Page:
Ozone counters Cryptosporidium in Milwaukee

The US city of Milwaukee has used ozonation to tackle a serious Crypto problem and ended up with safe, economical drinking water for its citizens. Robert Hulsey, process engineer, Black & Veatch, Dan McCarthy, senior vice president and project manager, Black & Veatch, and Carrie Lewis, superintendent, Milwaukee Water Works, report.

In 1993, an outbreak of cryptosporidiosis highlighted the need for rapid action to protect Milwaukee’s 800,000 residents from possible future occurrences. In the summer of 1998, ozonation facilities installed at the

city’s 275MGD (12,000l/sec) Linnwood and 105MGD (4600l/sec) Howard Avenue WTWs became the first in the US specifically designed to inactivate Cryptosporidium. As an added benefit, the new facilities have also effectively eliminated seasonal taste and odour problems sometimes associated with the use of water from Lake Michigan.

Project success

Along with the addition of ozonation, modifications were also made to improve performance at both plants under separate contract. These improvements included relocation of the intake pipe to deeper water to avoid water quality impacts from surface water run-off; rehabilitation of filters; and modifications to two reservoirs, a chemical feed system, yard piping, raw water pumping, two clearwells, and flocculation basins.

Prior to ozonation, Milwaukee had used free chlorine from the plant inlet through filtration with conversion to chloramines at the inlet to the clearwell. With ozonation, the two facilities will be converted to biological filtration. Modifications to the clearwells allowed for chlorine to be added immediately after biological filtration to reduce heterotrophic plate counts followed by ammonia addition to convert to chloramines for the distribution system.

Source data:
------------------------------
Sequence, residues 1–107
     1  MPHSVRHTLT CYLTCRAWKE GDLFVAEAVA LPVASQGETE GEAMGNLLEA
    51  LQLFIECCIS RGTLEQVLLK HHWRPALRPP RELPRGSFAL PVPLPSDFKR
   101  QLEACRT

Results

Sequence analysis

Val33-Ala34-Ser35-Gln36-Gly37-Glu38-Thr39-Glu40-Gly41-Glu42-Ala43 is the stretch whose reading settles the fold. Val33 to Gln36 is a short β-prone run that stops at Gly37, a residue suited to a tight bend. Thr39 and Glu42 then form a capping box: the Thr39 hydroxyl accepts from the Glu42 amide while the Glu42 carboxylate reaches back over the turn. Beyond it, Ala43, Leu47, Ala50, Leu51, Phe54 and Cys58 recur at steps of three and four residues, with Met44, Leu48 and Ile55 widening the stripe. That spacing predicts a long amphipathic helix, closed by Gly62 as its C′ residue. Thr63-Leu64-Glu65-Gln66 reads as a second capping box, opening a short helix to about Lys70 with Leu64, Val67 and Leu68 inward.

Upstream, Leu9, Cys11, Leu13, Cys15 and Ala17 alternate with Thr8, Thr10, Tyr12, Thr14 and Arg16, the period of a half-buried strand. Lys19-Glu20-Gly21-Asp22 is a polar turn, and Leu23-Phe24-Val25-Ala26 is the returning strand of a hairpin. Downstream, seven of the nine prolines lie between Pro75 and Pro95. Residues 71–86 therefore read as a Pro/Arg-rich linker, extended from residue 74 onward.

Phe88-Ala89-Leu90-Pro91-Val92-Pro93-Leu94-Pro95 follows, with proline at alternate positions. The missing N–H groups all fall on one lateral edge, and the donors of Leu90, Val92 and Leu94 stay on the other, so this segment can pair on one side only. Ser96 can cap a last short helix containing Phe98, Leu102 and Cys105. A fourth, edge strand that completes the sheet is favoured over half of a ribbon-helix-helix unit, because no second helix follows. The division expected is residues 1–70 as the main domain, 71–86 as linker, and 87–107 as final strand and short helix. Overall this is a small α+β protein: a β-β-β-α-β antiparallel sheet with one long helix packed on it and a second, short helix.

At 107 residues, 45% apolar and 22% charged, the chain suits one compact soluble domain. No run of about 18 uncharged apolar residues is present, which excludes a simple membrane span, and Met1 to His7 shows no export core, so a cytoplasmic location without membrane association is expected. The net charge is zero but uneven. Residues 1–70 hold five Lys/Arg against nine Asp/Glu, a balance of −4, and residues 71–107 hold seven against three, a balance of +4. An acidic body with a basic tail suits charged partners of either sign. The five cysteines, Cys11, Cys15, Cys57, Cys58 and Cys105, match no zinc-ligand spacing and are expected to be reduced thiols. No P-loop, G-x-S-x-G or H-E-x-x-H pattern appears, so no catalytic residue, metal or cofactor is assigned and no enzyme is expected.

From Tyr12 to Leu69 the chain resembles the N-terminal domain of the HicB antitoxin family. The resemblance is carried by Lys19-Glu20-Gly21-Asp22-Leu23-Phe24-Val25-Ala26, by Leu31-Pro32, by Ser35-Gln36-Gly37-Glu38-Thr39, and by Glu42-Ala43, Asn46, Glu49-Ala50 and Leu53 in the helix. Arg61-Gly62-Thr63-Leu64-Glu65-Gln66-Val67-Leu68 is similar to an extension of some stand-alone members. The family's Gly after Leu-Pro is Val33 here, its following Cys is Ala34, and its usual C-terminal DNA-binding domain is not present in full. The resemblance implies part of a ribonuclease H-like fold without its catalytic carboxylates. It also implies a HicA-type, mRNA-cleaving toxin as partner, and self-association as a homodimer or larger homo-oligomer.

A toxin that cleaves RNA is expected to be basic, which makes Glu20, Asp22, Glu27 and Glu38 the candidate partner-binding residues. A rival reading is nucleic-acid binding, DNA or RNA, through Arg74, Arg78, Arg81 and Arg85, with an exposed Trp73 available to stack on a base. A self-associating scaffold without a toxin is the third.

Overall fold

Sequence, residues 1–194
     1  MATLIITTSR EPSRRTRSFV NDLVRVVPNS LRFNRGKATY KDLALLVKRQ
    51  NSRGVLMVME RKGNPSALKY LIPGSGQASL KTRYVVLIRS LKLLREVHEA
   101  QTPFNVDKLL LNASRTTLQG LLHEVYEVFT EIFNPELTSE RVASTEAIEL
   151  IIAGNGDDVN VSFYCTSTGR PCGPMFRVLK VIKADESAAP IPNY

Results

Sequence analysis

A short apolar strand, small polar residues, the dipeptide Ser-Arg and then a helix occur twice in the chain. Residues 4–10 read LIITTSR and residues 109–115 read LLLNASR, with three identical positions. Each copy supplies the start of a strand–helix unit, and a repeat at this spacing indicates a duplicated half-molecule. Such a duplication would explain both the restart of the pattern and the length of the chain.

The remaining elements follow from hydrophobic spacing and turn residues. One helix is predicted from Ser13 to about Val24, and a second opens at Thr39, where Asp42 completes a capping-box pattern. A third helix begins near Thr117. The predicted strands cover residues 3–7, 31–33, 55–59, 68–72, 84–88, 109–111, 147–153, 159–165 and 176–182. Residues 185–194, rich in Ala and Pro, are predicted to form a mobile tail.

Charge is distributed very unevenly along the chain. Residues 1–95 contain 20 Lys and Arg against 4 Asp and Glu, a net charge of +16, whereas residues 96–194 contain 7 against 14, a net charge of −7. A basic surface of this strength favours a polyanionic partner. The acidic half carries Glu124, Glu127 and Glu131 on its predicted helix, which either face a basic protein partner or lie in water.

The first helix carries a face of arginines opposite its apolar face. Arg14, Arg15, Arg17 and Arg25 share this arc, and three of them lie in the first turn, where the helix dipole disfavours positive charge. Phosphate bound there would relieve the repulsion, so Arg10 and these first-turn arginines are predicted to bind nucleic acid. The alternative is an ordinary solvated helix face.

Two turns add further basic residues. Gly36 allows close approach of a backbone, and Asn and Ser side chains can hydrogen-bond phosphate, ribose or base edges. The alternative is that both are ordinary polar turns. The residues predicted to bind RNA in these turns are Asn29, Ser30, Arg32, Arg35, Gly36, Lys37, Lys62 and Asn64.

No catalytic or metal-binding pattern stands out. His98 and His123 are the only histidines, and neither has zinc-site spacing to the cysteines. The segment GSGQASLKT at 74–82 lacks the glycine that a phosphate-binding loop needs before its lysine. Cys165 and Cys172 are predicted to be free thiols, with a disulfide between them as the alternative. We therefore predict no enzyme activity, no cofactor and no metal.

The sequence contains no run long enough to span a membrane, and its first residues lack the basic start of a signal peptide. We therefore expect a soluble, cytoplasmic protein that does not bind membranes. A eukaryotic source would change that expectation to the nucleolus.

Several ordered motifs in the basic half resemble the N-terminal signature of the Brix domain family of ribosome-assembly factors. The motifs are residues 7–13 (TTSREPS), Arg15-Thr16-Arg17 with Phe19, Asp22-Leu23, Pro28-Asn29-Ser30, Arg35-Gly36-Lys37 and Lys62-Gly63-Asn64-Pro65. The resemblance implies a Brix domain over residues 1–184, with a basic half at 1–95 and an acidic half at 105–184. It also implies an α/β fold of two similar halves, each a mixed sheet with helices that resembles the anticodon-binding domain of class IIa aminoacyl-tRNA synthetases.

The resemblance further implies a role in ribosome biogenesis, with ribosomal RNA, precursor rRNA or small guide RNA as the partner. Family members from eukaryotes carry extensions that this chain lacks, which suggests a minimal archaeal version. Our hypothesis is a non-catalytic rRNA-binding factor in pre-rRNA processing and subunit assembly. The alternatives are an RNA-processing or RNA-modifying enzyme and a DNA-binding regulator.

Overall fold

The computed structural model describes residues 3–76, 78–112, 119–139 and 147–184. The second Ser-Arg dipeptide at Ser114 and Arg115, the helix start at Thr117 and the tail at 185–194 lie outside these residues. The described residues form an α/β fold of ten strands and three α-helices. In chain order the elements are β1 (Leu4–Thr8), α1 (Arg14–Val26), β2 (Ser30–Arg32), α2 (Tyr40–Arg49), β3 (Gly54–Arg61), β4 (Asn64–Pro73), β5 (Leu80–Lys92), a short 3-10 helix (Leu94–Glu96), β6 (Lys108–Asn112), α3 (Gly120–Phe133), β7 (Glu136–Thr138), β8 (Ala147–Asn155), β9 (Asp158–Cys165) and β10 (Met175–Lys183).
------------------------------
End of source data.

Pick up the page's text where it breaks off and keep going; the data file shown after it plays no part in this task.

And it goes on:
To get the ozonation project on line as quickly as possible, Milwaukee took a chance on a project approach not previously used for municipal WTWs in the state of Wisconsin – design-build.

The jv team of Black & Veatch and Alberici Construction was not only up against the clock, but also had to make sure that both plants remained operational during installation of the new facilities. Retrofitting ozone facilities into existing treatment processes at both plants required careful engineering design of large diameter piping modifications and connections to existing structures in a way that avoided outages.

A phased construction approach was combined with temporary operational modifications to keep the Linnwood plant on-line while major clearwell, reservoir, piping, and chemical feed modifications were made. Milwaukee’s

decision and the team’s technology-led design-build expertise resulted in a successful outcome. The project was operational in 17 months and came in $11M under budget.


Action inspires action. Stay ahead of the curve with sustainability and energy newsletters from edie